RPW Exclusive: The Champ Trail: Exploring What The ’20 NASCAR Whelen Mod Schedule May Look Like

Column By: PHIL SMITH / RPW – WESTERLY, RI – The NASCAR Whelen Modified Tour Series closed out their 2019 season with the running of the Annual (57th) World Series at the Thompson Motorsports Park Speedway.

Now that the dust has settled many are looking forward to the 2020 season. NASCAR is expected to release the schedule at the Championship Awards Banquet in November.

In the meantime speculation has it that Myrtle Beach may be off the schedule as South Boston in Virginia will open the season on March 21.

Stafford hosted three events in 2019. It looks like the mid-summer 150 lapper may go away as a new event at Iowa has been scheduled. The Spring Sizzler and the Fall Final will bookend their season.

The Thompson Motorsports Speedway is rumored to be making some management changes but their signature events will remain including the IceBreaker in the Spring and the World Series in the fall.

Martinsville Speedway in Virginia will bring the Modifieds back as will Jennerstown in Pennsylvania. Riverhead Raceway on Long Island has recently done some repaving is expected to again host two events.

No word as yet from Oswego or Seekonk but the Modifieds are expected to return as events at those tracks were exciting and successful. The New Hampshire International Speedway will again host two events.

While Justin Bonsignore was savoring his win at Thompson, Mat Williamson and car owner Buzz Chew were counting the big prize won for taking the victory in the Super Dirt Week 200 at the Oswego Speedway.

While Bonsignore had a good pay day (NASCAR doesn’t announce money won), Williamson had a far greater one as he collected $50,000 cash for his victory.

Tim Fuller was second at Oswego and collected $25,000 for his efforts. Third place finisher Brett Hearn earned $15,000.

With the NASCAR Whelen Modified Tour Series drawing record crowds, it seems that track promoters could do a little more in the payoff line…just my opinion.

Next up is the Tri Track Modified Series Haunted 100 at the Seekonk Speedway next weekend. Ron Williams, the 2019 Stafford Motor Speedway SK® Modified champion, holds a 23-point advantage over defending Series champ Matt Hirschman going into the final race of the season for the Tri-Track Open Modified Series (TTOMS).

There are 50-points up for grabs in the Haunted Hundred scheduled for Saturday, October 26 at Seekonk Speedway in Seekonk, MA.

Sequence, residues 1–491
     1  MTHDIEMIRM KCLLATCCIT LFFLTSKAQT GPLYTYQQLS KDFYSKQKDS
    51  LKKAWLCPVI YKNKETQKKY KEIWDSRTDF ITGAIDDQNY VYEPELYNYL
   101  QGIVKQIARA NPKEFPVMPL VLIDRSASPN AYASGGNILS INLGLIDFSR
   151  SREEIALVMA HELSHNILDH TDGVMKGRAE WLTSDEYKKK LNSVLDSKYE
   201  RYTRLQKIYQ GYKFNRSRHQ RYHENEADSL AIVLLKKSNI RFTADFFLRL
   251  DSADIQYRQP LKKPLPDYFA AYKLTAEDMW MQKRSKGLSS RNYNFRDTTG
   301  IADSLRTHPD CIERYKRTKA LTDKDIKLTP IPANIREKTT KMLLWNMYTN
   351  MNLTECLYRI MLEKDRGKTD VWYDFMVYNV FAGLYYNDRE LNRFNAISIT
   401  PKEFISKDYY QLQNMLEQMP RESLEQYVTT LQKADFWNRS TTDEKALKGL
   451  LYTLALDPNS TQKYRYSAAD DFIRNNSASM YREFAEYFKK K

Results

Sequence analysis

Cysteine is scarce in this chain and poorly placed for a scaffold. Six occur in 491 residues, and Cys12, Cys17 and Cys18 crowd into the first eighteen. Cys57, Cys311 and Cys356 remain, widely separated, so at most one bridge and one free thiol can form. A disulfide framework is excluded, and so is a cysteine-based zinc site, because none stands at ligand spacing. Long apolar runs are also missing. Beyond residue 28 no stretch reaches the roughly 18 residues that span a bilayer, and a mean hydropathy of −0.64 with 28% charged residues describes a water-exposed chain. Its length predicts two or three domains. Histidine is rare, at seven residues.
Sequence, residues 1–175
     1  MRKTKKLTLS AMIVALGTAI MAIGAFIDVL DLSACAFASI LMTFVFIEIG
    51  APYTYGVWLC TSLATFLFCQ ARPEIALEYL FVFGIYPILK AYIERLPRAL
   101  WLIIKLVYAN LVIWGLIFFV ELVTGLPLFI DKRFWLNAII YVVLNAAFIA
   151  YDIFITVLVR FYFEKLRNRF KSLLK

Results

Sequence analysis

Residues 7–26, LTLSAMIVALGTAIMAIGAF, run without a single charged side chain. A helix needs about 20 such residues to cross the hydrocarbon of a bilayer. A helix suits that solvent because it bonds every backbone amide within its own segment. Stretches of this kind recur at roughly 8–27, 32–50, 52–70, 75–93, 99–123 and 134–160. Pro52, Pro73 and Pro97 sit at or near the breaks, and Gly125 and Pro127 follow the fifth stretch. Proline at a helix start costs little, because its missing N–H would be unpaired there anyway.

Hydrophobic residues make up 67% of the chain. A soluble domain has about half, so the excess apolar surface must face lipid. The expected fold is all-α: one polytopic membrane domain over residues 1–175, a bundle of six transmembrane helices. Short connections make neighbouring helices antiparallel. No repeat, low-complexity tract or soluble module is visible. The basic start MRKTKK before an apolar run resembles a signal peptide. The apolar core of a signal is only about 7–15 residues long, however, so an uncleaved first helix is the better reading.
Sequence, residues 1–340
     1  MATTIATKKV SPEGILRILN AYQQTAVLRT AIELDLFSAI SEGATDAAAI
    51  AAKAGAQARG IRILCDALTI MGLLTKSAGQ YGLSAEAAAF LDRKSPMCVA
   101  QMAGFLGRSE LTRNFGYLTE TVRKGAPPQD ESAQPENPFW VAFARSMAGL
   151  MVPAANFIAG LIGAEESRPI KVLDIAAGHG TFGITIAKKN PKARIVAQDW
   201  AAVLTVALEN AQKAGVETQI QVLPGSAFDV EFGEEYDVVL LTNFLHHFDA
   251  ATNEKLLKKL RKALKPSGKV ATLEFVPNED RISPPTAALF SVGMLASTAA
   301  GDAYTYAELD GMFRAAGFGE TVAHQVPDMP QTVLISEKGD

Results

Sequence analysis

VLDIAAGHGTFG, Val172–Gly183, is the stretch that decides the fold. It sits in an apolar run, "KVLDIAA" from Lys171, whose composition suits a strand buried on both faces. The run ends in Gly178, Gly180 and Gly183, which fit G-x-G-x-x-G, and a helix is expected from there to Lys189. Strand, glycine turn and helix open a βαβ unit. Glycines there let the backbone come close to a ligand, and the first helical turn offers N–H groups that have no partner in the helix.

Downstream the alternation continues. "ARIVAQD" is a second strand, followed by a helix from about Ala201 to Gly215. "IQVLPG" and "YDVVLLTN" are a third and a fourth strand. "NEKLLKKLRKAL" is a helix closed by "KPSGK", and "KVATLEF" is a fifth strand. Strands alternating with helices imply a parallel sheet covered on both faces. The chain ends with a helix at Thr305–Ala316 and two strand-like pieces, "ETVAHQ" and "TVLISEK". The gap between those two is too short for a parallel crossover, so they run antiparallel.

While points are coveted, the 100-lap main event for the ground pounders will pay $6,000 to win.

In what is quickly becoming a traditional Halloween happening, the Haunted Hundred for the Modifieds will also include the Pro-All-Star Series (PASS) for a 150-lap Super Late Model feature event. The already stout schedule of short-track racing will also include a 50-lap Late Model race paying $2,000 to win.

The International Speedway Corporation (NASDAQ Global Select Market: ISCA; OTC Bulletin Board: ISCB) (“ISC”) announced last Friday, October 18, 2019 the closing of the previously announced merger contemplated by the Agreement and Plan of Merger, dated as of May 22, 2019, with NASCAR Holdings, Inc. (“NASCAR”), pursuant to which ISC became a wholly owned subsidiary of NASCAR.

ISC shareholders, including shareholders representing a majority of the total voting power not held by certain controlling shareholders of ISC, approved the transaction at a special meeting on October 16, 2019. Under the terms of the merger agreement, shareholders (other than certain controlling shareholders of ISC) are entitled to receive $45.00 in cash, without interest, for each share of ISC Class A common stock and Class B common stock.

As a result of the merger, ISC is now a privately held company. Trading of ISC Class A common stock on NASDAQ was suspended on October 18, 2019, and the Class A common stock will cease to be listed on NASDAQ. Further, ISC Class B common stock will cease to be quoted on the Over-The-Counter Bulletin Board. ISC intends to deregister its common stock and suspend its reporting obligations with the Securities and Exchange Commission, and it will no longer hold an annual meeting of shareholders.

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